atmospheric-sciences

Dust storms originating in the Sahara Desert produce stunning aerial photos with plumes of particles observed being blown to Europe and even as far as South America. Saharan dust storms have increased 10-fold during the last 50 years. Land degradation due to agriculture has increased the amount of dust particles that can be caught up in the winds propelling them across to all these other continents. The question now is whether dust storms will be ever more common as we continue trying to meet the demand for food.

Image credit: Sahara stof by SeaWiFS Project, NASA/Goddard Space Flight Center and ORBIMAGE. Public domain via Wikimedia Commons.

The largest association of Earth scientists in the world still takes $$ from Exxon. Seriously. 

TAKE ACTION TODAY: Stand with scientists and tell the American Geophysical Union (AGU)​ to drop Exxon! 

A whopping 97 percent of all the Earth’s water sits in the oceans, 2 percent is frozen in glaciers and ice sheets, and less than 1 percent flows in streams, lakes, and as groundwater. Only 0.001 percent of the planet’s water is in the atmosphere at any one time, and yet it serves as the key to the movement of our atmosphere and the world’s weather.
—  Patricia Barnes-Svarney, Thomas E. Svarney, “Skies of Fury”

Not Just a Cell, a Supercell!

This photo shows a supercell thunderstorm that swept across west Texas a few years ago. The photo was taken near the town of Ballinger, where the storm dumped hail up to the size of tennis balls and produced strong winds that damaged trees and power poles.

A thunderstorm is classified as a supercell storm if it contains a persistent rotating updraft, or mesocyclone. Supercell storms are responsible for some of the most intense severe weather, including tornadoes, very large hail, damaging winds, and floods.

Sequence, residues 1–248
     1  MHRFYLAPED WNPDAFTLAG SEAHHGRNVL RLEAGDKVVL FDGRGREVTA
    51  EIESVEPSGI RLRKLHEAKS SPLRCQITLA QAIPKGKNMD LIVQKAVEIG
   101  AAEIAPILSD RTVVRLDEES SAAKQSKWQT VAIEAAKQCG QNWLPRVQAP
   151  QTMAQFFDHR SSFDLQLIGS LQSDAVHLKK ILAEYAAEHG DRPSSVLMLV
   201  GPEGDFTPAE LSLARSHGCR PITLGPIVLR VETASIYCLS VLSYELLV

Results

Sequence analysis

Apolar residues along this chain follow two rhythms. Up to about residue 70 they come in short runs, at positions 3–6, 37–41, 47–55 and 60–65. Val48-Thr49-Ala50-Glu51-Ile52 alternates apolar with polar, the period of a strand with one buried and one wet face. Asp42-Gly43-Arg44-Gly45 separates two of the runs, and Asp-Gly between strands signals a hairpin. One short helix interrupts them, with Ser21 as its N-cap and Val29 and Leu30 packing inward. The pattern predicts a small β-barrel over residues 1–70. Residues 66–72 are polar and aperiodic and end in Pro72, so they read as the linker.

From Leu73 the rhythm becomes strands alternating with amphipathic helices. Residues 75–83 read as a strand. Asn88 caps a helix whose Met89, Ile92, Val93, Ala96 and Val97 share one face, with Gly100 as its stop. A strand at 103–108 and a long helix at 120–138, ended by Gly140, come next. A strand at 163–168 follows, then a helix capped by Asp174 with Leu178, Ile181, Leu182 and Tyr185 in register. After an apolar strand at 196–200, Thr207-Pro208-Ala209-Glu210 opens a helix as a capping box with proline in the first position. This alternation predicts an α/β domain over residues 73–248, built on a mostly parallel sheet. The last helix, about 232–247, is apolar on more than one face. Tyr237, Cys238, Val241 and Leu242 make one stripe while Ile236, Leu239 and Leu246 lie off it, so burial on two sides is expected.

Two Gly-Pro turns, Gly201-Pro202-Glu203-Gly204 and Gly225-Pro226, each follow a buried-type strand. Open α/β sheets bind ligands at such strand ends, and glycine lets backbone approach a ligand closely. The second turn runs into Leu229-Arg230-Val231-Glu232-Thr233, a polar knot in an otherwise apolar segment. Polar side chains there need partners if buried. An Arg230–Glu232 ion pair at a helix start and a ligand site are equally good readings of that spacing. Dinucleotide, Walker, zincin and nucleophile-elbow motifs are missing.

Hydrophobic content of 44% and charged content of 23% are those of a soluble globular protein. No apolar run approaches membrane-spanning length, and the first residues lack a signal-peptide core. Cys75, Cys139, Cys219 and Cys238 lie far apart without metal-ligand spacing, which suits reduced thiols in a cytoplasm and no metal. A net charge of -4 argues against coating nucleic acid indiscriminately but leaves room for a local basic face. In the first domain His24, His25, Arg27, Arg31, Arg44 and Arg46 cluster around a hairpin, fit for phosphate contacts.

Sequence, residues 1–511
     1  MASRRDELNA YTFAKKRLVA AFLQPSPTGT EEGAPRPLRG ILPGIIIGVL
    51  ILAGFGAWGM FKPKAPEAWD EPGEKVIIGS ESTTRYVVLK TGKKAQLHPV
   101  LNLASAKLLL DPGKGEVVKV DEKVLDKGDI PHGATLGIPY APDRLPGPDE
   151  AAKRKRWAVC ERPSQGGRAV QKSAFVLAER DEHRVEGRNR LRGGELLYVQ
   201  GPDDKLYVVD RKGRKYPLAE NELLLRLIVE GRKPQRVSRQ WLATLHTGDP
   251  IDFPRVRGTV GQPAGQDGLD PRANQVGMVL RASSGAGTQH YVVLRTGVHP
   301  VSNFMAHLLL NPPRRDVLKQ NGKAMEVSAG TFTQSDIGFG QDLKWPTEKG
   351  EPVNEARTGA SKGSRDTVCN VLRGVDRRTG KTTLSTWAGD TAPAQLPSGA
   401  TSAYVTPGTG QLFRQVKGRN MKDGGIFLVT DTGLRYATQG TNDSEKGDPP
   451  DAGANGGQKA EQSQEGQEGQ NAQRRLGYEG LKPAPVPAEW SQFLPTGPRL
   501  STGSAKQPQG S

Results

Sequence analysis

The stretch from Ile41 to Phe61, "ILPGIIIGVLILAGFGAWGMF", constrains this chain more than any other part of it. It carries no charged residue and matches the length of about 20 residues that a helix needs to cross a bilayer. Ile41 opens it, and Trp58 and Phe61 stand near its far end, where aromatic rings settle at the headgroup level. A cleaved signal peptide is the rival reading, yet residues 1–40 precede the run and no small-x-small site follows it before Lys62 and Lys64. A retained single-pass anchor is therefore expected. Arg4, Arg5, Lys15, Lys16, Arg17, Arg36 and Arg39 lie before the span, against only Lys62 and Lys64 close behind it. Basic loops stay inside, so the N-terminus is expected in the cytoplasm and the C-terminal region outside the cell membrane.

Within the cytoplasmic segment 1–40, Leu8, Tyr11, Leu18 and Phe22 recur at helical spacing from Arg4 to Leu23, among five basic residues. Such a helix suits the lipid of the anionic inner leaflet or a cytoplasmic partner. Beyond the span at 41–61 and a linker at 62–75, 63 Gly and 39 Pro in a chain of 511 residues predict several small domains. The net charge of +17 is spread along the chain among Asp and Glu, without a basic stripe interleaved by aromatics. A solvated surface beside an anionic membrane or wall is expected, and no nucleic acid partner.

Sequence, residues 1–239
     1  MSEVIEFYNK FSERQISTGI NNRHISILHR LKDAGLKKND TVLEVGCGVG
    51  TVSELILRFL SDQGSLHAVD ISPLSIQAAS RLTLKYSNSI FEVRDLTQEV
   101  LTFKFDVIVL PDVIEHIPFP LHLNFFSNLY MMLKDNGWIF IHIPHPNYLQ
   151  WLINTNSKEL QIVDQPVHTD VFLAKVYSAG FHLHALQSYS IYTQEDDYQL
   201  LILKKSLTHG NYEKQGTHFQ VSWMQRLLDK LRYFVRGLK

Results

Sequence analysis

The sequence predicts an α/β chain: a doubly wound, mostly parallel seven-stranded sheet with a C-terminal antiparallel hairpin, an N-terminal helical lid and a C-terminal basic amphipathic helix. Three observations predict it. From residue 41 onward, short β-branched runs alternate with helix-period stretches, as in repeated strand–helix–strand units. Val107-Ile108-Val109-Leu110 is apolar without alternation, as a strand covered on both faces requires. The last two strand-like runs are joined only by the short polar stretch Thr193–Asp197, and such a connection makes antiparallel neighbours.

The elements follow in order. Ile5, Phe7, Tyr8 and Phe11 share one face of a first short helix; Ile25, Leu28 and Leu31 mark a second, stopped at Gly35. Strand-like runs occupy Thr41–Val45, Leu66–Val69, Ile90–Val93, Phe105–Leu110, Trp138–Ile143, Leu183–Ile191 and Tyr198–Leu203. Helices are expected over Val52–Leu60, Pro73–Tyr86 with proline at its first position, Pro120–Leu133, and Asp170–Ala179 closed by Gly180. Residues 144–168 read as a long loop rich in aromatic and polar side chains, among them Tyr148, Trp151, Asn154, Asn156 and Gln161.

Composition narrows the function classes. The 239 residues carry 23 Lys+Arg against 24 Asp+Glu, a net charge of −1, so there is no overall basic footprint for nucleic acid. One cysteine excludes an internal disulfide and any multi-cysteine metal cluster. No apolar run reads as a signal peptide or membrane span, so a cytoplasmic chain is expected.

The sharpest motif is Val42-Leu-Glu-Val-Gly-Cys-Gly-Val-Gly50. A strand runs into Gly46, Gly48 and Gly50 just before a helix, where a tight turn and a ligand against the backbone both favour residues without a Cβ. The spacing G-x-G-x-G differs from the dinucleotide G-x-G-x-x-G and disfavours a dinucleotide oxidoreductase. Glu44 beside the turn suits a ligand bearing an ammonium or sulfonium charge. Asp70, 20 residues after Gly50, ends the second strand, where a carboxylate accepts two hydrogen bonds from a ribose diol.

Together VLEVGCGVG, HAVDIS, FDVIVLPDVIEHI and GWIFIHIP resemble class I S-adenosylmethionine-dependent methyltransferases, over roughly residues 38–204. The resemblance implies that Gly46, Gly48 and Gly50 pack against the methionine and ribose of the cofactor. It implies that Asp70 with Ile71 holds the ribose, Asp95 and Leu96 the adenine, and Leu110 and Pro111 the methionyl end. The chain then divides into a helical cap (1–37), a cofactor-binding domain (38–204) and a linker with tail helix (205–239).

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Polar stratospheric clouds (PSCs) form in the stratosphere at altitudes of 50,000–80,000 ft. They are classified into Types I (clouds with more diffuse and less bright colors) and II (nacreous or mother-of-pearl clouds), according to their formation temperature and particle size. Unfortunately, Polar stratospheric clouds play a key role in the massive ozone depletion over the Arctic and Antarctic. NASA explains that PSCs “form only at very low temperatures. They help destroy ozone in two ways: they provide a surface which converts benign forms of chlorine into reactive, ozone-destroying forms, and they remove nitrogen compounds that moderate the destructive impact of chlorine. In recent years, the atmosphere above the Arctic has been colder than usual, and polar stratospheric clouds have lasted into the spring. As a result, ozone levels have been decreasing.”

Photo:  NAT GEO

Gas “fingerprinting” could help energy industry manage CO2 storage

A new technique for monitoring carbon dioxide could help the energy industry’s efforts to reduce future greenhouse gas emissions, scientists have found.

In a new paper published in the International Journal of Greenhouse Gas Control, researchers describe how they have used the unique signature from traces of the noble gases (helium, neon and argon) to monitor the fate of carbon dioxide stored underground.

Read more: http://www.rdmag.com/news/2015/10/gas-fingerprinting-could-help-energy-industry-manage-co2-storage